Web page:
The most lucrative non-paid job in golf
Peter Alliss gave an intriguing interview to Derek Lawrenson in the Daily Mail recently.
There was a poignant bit at the end, when The Voice was asked about regrets. ‘I’d like to have won The Open, naturally, and been Ryder Cup captain,’ said Alliss. ‘There were captains who were no more distinguished than myself. One of the committee who decided it in those days told me they thought I was too commercial. That’s a laugh when you see what has happened. The last five or six captains have all made a million quid on the back of it.’
Talking with Tony Jacklin a couple of years ago, I asked him a similar question relating to the commercial value of the captaincy, then and now. Despite the huge income growth from the Ryder Cup, the players and the captain do not receive a fee for their appearance, beyond ‘all reasonable expenses’.
We met at the home of Jacklin’s parents in law when he was on a visit from his home in Florida. Money it seemed, was a source of some regret.
“The length and breadth of my commercial involvement was with Johnny Walker (the whiskey company was the title sponsor of the Ryder Cup) who wanted to make some of their lesser markets in Europe aware of what the Ryder Cup was. They said, would I get on an aeroplane and go to Italy and talk about it. But I never got any other commercial opportunities for the whole four times I did it. I might have made £20,000 pounds from Johnny Walker, and they probably sent me a case of whisky, but nothing else was available at the time. It was a case of people couldn’t believe what was going on and how important the Ryder Cup was becoming and by the time they did believe it I had finished. How has that changed, I wondered. He laughed mirthlessly.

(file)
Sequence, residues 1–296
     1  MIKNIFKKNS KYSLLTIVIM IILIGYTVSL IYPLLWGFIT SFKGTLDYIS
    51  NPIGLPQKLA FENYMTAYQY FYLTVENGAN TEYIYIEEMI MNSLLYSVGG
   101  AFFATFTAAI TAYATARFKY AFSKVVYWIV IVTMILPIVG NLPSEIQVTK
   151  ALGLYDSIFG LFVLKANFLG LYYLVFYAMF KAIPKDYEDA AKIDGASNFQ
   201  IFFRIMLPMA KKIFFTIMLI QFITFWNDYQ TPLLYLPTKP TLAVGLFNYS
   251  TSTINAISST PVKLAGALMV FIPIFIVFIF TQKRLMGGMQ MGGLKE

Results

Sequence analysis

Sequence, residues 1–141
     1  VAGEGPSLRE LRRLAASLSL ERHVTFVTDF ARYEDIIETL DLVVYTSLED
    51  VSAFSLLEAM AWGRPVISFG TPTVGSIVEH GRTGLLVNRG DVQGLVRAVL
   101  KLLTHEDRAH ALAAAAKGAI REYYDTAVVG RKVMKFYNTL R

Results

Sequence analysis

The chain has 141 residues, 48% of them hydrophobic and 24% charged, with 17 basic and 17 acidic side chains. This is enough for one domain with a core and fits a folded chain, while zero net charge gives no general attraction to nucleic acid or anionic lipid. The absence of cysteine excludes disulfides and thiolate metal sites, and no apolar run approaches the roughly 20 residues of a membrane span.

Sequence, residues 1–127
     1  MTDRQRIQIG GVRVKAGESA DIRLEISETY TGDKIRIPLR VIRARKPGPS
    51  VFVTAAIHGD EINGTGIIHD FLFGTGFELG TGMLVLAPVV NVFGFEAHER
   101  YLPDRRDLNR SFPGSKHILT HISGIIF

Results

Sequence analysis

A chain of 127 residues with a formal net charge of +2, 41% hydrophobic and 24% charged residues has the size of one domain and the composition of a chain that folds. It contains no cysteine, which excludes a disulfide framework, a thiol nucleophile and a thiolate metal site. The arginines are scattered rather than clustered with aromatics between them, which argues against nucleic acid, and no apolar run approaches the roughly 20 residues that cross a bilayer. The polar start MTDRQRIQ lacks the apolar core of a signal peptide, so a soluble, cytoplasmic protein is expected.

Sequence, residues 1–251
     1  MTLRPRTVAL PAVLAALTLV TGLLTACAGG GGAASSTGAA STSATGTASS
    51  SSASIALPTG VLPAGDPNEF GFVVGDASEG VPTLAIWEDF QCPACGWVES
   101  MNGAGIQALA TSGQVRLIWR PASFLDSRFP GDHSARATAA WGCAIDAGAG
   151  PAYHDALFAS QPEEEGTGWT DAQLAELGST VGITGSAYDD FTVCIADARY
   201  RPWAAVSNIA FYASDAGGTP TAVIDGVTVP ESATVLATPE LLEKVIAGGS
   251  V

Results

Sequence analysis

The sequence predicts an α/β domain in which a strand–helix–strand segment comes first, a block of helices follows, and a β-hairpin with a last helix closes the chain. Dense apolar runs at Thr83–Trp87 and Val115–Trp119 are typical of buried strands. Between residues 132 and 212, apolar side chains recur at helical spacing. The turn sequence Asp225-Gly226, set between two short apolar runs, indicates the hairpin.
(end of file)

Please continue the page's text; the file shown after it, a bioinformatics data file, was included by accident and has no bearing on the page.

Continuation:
“I would think there’s a million pounds in it for anyone doing it now. Where it’s all gone is mind boggling.”
Since then, I’ve become a bit of a student on this topic and make a point of asking about the commercial value of the captaincy, whenever the opportunity arises. Before the 2010 Ryder Cup at Celtic Manor, I met with Guy Kinnings, head of IMG’s golf division and long time manager of Colin Montgomerie.
“We don’t excessively work on maximising the opportunity,” said Kinnings. “Colin wants to do a good job and win, for personal reasons. People will always want to meet the captain so the opportunity for personal appearances is there, and we ensure he takes advantage of the merchandising opportunities available during his tenure.”
Put another way, win the thing and the captaincy is the gift that keeps on giving. Anyone seeking further evidence of this statement only has to turn on Sky Sport.
Monty’s face is an ever present on the station’s golf coverage in the run up to this September’s tussle in America. All of which brings us to the man in the hot seat for this year’s match, Jose Maria Olazabal. There are a number of reasons that Olly has always seemed like a man apart and I’ve come to the conclusion that it is something to do with his relationship with money.
My favourite Olly quote relates to Mark McCormack, the American founder of IMG, who knew a thing or two about making money from sporting talent. McCormack once said dismissively of Olazábal: “Strange guy. Doesn’t seem interested at all in the money he could be making.”
The American didn’t understand why Olazábal refused to ditch his manager, Sergio Gómez, a long time friend of the golfer, for the Jerry Maguire style equivalent on offer elsewhere.
The other anecdote that helps raise Olazabal in my estimation also relates to money. In 1997, a year blighted by injury, the player returned a large cheque from his ball sponsor, Titleist, with an explanatory note: “I have not played all season. I cannot accept your money when I have not earned it.”
When asked about this episode years later, Olazábal said: “It's not hard to give up something which does not matter much to you.”
This is just a small storyline among many to play out this September: what will the least greedy man in golf make of the most lucrative non paid job in sport?